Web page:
The Coalition has suddenly discovered the joys of bipartisanship, and it’s a wonder to behold. Last week, Tony Abbott lamented the “hyperpartisanship” of contemporary politics without admitting he was its principal source, but acknowledged he shouldn’t have blocked the Malaysian Solution in opposition.
Now, Coalition MPs are complaining about Labor’s refusal to pair with the government when MPs need to be absent from the forthcoming Parliament where the government will permanently teeter on the verge of minority status. And they’re grudgingly acknowledging that perhaps their own refusal to co-operate with the Gillard government might have been wrong.
“Two wrongs don’t make a right,” Barnaby Joyce said last night on the ABC about non-pairing.
Except, in fact, they do, at least in this context.
In 2011, Crikey suggested that the Coalition’s abandonment of economic responsibility in favour of populist oppositionism should be viewed as an example of the “iterated prisoner’s dilemma” — a game theory scenario in which you play multiple rounds of a game in which you can co-operate or not co-operate (called “defecting”) with a rival in each round to achieve individual or joint positive outcomes.
The classic scenario of the game is two criminals separately being interrogated by police, knowing that if they confess first they will get a lighter sentence than the other but also that if neither confesses, both go free. In that scenario, “defecting” — confessing — is the rational decision, even if it would be better if both adopted the “super-rational” position of not confessing.
But being able to remember what happened in the previous round changes the game fundamentally, because what is rational in one round (defecting) might not be rational over multiple rounds. So, in the iterated version, you remember what your opponent did last time, and can respond accordingly. If the other player defected, you can continue to co-operate in the current round, or you can also defect.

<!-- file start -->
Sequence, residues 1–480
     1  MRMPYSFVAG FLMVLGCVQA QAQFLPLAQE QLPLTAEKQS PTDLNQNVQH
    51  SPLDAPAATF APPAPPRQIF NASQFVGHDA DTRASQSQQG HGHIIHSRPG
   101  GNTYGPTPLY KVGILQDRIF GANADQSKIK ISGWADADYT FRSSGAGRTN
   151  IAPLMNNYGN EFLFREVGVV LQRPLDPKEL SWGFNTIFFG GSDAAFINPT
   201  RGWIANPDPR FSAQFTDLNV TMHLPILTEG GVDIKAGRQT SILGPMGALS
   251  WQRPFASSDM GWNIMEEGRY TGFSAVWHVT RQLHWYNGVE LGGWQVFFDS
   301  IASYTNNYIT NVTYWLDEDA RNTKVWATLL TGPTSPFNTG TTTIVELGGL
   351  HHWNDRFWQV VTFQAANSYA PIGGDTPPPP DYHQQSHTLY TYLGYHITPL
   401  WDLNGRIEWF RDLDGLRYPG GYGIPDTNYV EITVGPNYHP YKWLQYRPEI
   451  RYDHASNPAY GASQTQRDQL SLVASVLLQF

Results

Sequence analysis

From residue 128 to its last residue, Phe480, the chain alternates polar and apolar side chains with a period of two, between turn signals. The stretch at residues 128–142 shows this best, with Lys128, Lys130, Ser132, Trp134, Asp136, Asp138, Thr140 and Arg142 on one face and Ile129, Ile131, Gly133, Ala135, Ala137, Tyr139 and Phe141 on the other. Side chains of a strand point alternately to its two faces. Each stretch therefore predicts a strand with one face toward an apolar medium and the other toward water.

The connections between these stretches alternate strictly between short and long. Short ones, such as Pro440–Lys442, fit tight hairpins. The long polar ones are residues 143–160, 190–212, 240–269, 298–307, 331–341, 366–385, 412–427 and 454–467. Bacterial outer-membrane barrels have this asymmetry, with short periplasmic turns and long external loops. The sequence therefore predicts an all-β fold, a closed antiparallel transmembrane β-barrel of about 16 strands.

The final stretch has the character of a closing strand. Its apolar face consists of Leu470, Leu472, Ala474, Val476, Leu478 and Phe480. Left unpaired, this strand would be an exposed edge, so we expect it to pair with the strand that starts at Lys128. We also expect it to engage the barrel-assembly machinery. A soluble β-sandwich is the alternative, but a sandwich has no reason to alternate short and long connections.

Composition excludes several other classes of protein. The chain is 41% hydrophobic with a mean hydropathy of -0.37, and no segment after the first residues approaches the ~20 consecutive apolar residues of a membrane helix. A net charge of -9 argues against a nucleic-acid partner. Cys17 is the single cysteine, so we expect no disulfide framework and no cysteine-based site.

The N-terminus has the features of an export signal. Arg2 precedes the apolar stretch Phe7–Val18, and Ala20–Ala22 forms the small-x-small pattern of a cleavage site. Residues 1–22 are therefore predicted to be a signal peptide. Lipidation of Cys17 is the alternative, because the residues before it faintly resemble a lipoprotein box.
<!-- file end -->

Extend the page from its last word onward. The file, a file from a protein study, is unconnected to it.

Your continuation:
Game theory says that continuing to co-operate in multiple rounds when your rival isn’t makes no sense — you’re simply rewarding them for their non-co-operation. Instead, you should adopt a “tit for tat” strategy that punishes your rival for defecting, instead of rewarding them. That provides an incentive for them to return to co-operation. But how do you stop an endless cycle of tit-for-tat responses? You build in a small element of co-operation instead of 100% defection, thereby providing the basis for your rival to co-operate in response.
That outcome is not merely good for the non-defecting rival, it actual maximises the overall benefits from the game. Once the defecting rival returns to co-operation, both get benefits. In political language, if a party is continually rewarded for adopting a wrecking, opportunity strategy, it will never stop, but if it is given an incentive return to co-operation, it will do so, with overall benefits for both sides — in this case, returning to political and economic rationality will be better overall for the national interest than one side perpetually engaging in opportunism and populism.
So now that the Coalition is in pretty much exactly the position the Gillard government found itself in –i.e., where into the next iteration of the fame — should Labor co-operate or defect? It should defect — that is, punish the Coalition for its defection in the last round, in order to encourage the Coalition to not defect in the future. If it co-operates, it will simply be rewarding the Coalition for its defection — and next time the Coalition is in opposition, it will do it again.
There’s a short-term cost to the national interest. However, longer-term, Labor actually serves the national interest by punishing the Coalition — provided it flags that it is prepared to return to cooperation. Two wrongs can indeed make a right. It isn’t merely a case of revenge for Labor, or political karma for the Coalition. There’s a serious national interest issue here — and game theory says it’s served best by Labor being as obstructionist as possible.